Okay, so let’s begin this little show and tell with one of my favorite classes- fifth grade. They’re as cute as they come, plus they still think its fun to learn new English words to try and impress me ; )

Next we have the only class who can rival the fifth grade in cuteness… 2nd grade! I teach this group of 12 of the smartest 2nd graders, and let me tell you, they’re impressive. They speak with amazing accents, because they’re young enough to pick up on English sounds and speak without a Ukrainian accent. For example, they can say the “th” sound in “thank you” and “Kathryn,” which is something even the English teachers struggle with. Usually when Ukrainians try to make this sound it comes out more like a “z;” so they say “zis is a cat.” Or sometimes they even make it an “f” sound, like in my name: “Kafryn” which coincidentally is how my older brother Heath used to say my name when we were little ; ) So without further ado, I give you second grade. I’ll let them wow you with their cuteness factor through pictures.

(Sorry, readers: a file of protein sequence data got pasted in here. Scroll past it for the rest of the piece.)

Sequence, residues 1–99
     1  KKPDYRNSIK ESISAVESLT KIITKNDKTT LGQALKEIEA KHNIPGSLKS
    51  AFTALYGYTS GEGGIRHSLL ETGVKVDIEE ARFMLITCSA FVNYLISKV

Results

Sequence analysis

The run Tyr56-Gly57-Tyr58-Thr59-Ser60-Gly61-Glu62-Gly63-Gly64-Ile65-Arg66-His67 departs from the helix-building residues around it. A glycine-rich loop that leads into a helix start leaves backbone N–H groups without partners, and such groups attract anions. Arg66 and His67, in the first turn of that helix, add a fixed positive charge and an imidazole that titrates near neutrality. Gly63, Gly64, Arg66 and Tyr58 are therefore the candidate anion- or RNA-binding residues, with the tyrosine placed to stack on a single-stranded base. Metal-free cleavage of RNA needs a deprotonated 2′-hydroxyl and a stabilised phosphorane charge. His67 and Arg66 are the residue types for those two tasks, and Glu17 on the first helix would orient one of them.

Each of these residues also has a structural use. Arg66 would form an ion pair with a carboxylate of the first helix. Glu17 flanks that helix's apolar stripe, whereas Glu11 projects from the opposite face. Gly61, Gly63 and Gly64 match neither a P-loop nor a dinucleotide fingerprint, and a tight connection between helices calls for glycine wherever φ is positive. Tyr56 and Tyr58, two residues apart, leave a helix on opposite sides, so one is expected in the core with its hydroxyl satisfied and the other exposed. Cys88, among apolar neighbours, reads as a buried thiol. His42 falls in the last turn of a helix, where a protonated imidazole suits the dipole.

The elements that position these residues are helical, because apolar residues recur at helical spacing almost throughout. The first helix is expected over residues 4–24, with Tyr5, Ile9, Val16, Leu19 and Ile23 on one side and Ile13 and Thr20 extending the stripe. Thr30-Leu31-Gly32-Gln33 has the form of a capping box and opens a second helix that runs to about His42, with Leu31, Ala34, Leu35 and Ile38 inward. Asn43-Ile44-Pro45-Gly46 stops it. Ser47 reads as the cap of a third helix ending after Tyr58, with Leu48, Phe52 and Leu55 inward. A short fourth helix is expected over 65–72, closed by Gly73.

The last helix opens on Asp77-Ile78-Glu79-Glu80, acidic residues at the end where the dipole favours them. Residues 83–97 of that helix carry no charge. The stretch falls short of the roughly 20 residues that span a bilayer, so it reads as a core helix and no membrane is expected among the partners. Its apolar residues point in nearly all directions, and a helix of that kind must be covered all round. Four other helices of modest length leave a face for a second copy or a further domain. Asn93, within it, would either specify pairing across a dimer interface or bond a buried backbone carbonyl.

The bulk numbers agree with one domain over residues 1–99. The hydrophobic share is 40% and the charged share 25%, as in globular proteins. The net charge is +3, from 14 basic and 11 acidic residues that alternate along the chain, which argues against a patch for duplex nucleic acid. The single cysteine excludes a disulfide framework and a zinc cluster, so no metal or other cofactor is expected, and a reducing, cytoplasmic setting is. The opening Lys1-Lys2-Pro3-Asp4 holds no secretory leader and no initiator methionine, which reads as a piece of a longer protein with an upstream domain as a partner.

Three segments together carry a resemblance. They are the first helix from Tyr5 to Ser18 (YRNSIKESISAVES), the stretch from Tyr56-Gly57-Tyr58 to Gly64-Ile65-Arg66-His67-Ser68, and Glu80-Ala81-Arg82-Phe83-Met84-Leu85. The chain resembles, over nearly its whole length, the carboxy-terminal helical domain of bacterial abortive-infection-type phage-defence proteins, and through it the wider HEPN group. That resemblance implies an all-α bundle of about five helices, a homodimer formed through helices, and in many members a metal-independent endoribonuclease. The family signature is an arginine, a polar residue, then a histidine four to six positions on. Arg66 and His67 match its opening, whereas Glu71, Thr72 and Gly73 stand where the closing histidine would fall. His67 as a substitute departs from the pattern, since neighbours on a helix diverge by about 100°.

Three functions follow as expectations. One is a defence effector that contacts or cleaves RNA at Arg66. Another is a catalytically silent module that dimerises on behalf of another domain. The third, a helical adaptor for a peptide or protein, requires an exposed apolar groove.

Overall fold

2A… click to see these precious faces close up πŸ™‚

Ira, me, and Anya.

In addition to being smart, they’re precious. I teach this class with Liudmyla, and they defy my unease around little people because they’re just so stinkin’ cute.

Β 2 of my favorites… Vasya and Sasha. Definitely the smartest in class!

Sasha, me, Vasya, and Lyera

Now in terms of smartness, my favorite class hands down was 10th form. I split the class with one of my Ukrainian colleauges, and she took the weaker students while my group consisted of 10 of the smartest, most entertaining teenagers I’ve ever met : )